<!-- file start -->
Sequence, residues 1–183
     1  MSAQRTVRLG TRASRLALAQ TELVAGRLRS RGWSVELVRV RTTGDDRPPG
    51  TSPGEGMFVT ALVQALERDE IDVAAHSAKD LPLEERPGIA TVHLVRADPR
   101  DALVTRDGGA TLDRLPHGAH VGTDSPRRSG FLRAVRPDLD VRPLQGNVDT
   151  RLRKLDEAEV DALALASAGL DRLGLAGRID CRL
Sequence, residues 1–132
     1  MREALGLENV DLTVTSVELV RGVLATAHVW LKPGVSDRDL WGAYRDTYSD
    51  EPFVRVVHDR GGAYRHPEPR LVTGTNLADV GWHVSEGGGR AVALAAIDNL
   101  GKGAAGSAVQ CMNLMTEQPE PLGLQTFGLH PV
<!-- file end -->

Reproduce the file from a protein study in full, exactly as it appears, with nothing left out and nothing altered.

Sequence, residues 1–183
     1  MSAQRTVRLG TRASRLALAQ TELVAGRLRS RGWSVELVRV RTTGDDRPPG
    51  TSPGEGMFVT ALVQALERDE IDVAAHSAKD LPLEERPGIA TVHLVRADPR
   101  DALVTRDGGA TLDRLPHGAH VGTDSPRRSG FLRAVRPDLD VRPLQGNVDT
   151  RLRKLDEAEV DALALASAGL DRLGLAGRID CRL
Sequence, residues 1–132
     1  MREALGLENV DLTVTSVELV RGVLATAHVW LKPGVSDRDL WGAYRDTYSD
    51  EPFVRVVHDR GGAYRHPEPR LVTGTNLADV GWHVSEGGGR AVALAAIDNL
   101  GKGAAGSAVQ CMNLMTEQPE PLGLQTFGLH PV